"If you have a company trying to create and sell products to all people, then you need all kinds of people in the workplace," Mr. Offshack said. "P&G recognizes that. Those were big changes that clearly show the environment here is one of inclusion."

Not everyone fighting for gay rights is convinced the city has had a change of attitude in the last 10 years.

Victor P. Fabro, a board member of the gay rights group Stonewall Cincinnati, said the only change he sees a decade after Article XII's passage is that we're all "10 years older."

The city's new law makes it a first-degree misdemeanor, punishable by up to six months in jail, to harass, menace or deface someone's property because of his or her sexual orientation, age or disability. The law, first passed in 1995, already applied to crimes motivated by hatred based on race, color, national origin or religion.

Although clearly outnumbered at a recent public hearing on the new law, a handful of opponents lined up against council's action, threatening to sue if council passed the addition to Cincinnati's hate crimes law.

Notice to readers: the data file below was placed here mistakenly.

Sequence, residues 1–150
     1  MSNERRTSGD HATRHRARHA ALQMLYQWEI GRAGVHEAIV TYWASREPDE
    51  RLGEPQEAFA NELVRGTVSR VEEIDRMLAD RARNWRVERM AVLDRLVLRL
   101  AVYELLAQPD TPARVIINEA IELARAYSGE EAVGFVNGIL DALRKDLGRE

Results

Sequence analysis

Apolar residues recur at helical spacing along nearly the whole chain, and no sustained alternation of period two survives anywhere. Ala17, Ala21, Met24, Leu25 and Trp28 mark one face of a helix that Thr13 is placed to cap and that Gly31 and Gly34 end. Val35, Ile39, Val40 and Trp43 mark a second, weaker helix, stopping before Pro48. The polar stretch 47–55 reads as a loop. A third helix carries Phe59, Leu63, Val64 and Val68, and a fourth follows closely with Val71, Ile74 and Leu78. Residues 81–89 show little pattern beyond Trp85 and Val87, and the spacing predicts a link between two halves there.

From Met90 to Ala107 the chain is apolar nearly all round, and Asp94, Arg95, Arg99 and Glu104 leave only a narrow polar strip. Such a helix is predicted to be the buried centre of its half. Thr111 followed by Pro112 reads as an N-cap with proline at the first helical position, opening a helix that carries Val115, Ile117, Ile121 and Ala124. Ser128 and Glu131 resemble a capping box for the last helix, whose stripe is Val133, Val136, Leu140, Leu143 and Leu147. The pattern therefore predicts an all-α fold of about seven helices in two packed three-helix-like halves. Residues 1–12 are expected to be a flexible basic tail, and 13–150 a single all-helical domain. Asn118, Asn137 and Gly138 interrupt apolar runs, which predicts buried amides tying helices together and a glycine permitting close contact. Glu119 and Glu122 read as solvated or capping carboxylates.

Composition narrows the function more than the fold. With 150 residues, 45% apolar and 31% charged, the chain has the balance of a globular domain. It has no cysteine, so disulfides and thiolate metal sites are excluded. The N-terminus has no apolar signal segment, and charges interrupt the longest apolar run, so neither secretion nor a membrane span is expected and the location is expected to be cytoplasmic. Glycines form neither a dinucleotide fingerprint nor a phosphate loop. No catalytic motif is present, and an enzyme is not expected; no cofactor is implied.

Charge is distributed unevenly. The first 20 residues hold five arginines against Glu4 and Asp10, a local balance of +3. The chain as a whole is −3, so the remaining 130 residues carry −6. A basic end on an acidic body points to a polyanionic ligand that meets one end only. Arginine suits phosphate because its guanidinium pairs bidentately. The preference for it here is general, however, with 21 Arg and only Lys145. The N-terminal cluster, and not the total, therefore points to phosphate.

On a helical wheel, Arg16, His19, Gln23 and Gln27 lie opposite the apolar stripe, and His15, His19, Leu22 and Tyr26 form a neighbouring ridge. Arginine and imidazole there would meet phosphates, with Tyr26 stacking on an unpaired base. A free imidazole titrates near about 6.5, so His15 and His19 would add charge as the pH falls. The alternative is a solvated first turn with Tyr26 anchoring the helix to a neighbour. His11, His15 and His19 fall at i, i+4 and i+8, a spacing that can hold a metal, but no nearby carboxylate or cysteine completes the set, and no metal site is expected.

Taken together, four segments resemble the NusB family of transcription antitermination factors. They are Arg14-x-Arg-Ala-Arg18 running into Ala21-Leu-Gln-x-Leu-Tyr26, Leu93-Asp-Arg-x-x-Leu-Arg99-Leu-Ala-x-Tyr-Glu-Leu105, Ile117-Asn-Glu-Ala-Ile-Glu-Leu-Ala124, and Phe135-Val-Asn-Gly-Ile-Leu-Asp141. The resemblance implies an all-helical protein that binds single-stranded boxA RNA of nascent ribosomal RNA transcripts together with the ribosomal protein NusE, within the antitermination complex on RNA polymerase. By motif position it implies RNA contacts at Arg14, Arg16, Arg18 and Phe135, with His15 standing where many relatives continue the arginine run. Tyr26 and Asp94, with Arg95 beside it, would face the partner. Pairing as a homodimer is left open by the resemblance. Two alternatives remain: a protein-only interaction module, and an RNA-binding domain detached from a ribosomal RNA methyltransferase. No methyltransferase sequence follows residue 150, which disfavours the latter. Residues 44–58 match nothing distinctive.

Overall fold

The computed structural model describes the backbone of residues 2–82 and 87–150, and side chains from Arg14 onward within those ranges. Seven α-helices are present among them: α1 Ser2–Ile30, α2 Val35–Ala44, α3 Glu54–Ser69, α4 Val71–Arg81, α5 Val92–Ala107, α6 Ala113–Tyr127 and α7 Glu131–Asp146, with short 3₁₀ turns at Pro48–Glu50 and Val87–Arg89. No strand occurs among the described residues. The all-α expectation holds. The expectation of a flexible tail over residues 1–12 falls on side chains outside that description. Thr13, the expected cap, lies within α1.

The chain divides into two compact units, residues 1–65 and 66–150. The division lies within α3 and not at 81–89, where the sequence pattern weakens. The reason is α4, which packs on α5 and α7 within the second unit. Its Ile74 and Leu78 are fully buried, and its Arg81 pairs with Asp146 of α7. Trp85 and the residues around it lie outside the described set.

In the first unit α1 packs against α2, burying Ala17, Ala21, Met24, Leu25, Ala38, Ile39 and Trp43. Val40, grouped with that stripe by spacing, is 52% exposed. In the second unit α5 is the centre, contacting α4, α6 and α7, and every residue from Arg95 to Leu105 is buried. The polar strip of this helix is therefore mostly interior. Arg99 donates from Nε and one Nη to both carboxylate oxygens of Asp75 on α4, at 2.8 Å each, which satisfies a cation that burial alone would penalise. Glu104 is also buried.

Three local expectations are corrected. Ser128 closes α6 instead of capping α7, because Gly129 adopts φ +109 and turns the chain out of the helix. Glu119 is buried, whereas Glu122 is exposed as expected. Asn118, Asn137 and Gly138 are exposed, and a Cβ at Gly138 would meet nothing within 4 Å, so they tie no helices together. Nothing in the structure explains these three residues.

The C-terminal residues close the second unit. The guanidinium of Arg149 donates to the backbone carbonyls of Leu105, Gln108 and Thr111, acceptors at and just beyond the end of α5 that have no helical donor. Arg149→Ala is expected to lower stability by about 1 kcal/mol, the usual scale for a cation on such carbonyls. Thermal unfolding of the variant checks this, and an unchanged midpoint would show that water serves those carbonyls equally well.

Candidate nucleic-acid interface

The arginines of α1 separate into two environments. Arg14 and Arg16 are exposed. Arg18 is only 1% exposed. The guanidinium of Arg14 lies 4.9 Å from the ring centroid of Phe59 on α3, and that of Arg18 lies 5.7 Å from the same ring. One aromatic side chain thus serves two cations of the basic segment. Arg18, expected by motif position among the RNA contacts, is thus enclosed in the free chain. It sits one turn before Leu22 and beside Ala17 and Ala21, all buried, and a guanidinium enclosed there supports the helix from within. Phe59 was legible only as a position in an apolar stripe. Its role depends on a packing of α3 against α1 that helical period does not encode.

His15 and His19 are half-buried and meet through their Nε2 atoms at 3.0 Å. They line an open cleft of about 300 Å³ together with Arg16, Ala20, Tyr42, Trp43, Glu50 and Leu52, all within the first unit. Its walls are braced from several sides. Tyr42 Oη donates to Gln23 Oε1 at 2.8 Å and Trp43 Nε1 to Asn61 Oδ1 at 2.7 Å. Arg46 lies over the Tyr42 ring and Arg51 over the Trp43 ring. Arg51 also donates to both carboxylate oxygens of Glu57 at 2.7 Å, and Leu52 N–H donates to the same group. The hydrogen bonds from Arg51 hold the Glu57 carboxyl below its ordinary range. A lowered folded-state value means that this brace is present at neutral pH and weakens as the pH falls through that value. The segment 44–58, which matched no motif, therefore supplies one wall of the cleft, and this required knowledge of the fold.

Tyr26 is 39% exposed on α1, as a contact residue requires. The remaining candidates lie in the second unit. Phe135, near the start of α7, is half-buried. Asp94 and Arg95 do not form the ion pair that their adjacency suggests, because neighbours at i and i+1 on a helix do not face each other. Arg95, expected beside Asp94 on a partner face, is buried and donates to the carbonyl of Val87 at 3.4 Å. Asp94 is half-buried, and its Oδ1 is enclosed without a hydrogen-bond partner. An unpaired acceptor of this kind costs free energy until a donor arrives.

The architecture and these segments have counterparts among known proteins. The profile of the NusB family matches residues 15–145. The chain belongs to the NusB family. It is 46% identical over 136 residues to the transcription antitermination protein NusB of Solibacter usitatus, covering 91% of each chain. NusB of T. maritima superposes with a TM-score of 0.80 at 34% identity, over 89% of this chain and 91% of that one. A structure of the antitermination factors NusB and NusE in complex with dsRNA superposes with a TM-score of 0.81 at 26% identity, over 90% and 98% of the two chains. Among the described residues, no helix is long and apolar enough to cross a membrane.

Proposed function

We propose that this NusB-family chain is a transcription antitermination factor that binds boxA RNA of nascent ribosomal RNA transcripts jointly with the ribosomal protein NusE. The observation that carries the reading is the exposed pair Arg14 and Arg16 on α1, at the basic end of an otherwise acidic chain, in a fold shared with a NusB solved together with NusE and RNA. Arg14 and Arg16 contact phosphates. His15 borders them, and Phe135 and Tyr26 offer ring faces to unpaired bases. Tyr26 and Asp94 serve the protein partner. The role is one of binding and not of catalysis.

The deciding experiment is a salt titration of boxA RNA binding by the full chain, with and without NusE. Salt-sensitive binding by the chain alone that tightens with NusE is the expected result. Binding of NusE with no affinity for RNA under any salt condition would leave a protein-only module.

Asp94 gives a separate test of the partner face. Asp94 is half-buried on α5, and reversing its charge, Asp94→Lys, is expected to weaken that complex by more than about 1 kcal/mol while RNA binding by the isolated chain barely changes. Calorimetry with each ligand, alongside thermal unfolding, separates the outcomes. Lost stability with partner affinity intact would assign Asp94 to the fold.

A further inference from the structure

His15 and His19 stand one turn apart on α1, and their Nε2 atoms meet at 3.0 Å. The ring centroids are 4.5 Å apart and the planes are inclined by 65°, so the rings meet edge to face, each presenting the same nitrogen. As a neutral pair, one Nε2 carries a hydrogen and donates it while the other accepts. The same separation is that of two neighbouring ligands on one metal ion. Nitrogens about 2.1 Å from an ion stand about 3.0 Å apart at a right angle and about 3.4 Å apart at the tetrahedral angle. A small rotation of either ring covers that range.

Phil Burress of Citizens for Community Values said those council members voting in favor of the expanded law would pay for their votes on Election Day. Chris Finney, a lawyer for the conservative anti-tax group Citizens Opposed to Additional Spending and Taxes, told council that expanding the hate crimes law would make a mockery of the 1993 vote.

"It's amazing to me, after all the turmoil this city has been through, that this City Council would drag this city through an issue that's already been decided," he said.